Mismanaging Agents

I still have my ‘director of the management company for a building of 78 apartments’ hat on. It seems to have one of those little straps that goes under your chin. I don’t seem to be able to undo the strap…

I hope that the worst is over. We held a meeting with the residents which went really well, we got 100% support for our actions and lots of offers of help. We are now paying our suppliers, most of them are continuing to supply, we’re collecting money and we’ve instructed solicitors to recover our documents from the agent. Once we have the docs we can sort out the mess that is last year, set a budget for this year, and move on. At that point I should be able to undo the chin strap and drop kick the hat into the distance.

It’s interesting for me to examine how I’m dealing with this particular situation. It’s not a normal situation for me to be operating in. I’ve run a consulting business for over 6 years, some years before that I helped to run a building company and a property investment company for 5 or 6 years. I’ve done the IT “management” thing at various points. But this is different, very different.

This management situation was a real “in at the deep end” kind of thing. Here’s a company that’s been mismanaged to the point that it owes all of its suppliers lots of money and doesn’t have any money in the bank. Those suppliers were about to stop supplying. We didn’t have any documentation and the managing agent that did have the docs was obstructive. We had to first locate and then placate the suppliers, explain the situation, calm their nerves, gain their trust. Then we needed to find out exactly what we owed…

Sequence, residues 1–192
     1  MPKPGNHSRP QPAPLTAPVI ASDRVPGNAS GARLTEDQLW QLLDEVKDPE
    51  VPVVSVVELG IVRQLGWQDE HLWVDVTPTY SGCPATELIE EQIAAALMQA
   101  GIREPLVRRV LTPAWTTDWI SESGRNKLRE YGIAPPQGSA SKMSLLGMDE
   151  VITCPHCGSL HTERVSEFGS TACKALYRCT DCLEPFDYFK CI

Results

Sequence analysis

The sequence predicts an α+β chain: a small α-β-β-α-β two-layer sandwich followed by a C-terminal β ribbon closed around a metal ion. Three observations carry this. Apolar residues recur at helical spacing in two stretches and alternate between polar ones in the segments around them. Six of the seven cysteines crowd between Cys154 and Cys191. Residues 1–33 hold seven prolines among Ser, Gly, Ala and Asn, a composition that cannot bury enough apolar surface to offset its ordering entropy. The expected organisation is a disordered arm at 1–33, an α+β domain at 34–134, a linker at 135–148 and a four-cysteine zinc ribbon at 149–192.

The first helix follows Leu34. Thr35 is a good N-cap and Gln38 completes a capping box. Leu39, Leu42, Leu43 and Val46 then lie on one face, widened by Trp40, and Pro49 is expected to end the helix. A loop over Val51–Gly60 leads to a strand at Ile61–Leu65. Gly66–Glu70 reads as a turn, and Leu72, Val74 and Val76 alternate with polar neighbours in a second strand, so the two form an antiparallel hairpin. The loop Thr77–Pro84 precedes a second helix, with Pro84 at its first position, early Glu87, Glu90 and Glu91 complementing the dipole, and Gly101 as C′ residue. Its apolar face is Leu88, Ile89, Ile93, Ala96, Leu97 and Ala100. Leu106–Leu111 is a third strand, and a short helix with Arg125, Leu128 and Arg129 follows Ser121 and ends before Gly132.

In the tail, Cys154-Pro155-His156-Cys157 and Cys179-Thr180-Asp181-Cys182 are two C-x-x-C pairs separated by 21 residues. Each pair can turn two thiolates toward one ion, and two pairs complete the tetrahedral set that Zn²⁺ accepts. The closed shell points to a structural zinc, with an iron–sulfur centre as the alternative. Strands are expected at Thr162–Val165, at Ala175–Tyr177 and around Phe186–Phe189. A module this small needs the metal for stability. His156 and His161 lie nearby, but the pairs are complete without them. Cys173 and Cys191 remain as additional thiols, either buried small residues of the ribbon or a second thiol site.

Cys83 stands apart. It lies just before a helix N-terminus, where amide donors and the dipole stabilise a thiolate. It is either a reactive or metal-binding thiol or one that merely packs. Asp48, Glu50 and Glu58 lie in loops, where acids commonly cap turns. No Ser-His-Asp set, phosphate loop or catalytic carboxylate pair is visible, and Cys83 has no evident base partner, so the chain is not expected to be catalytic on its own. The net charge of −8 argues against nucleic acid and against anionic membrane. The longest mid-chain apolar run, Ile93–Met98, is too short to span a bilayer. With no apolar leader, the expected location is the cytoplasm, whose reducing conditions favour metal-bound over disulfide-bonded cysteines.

The company has lots of invoices that are awaiting payment, some due to persistent non payment and some just because nobody ever asked the people to pay. We had to get that money rolling in so we could start to pay suppliers. We then had to open up a new seam of funds by issuing demands for the new service charge period and encourage people to pay early and in full so that we could get out of our cashflow hole.

We’ve been fire fighting for almost a month now. It’s been taking me around 2-3 hrs each morning and 2-3 hrs each evening. Interestingly I’ve lost a lot of sleep, that hasn’t happened to me before. Normally I sleep very well, even when I’m concerned about winning a consulting gig. This last month I’ve had hours awake in the middle of the night where all I can do is plan. Interestingly I’ve been operating pretty well on the reduced sleep. The adrenalin and fear can really fire the blood… There were what seemed to be an infinite number of things that needed doing and no perfect order to do them in. The problem domain lacked structure, all we could do for the first couple of weeks was set out the long term plans and respond and fire fight to the situation as it unrolled.

This is the exact opposite to how I like to work. I like to maintain control and discipline from the start of a project where possible. That’s not always possible of course, so, as with the refactoring project, I like to get an overall feel for the shape of the problem and then start picking away at small pieces of it; divide and conquer. That approach just wasn’t possible here. We had a swirling mess with emergency issues all over the place and lots and lots of unknowns.

I think it’s been a useful exercise and I’m learning useful skills, but I’d like it to stop now and I don’t really want to do it again.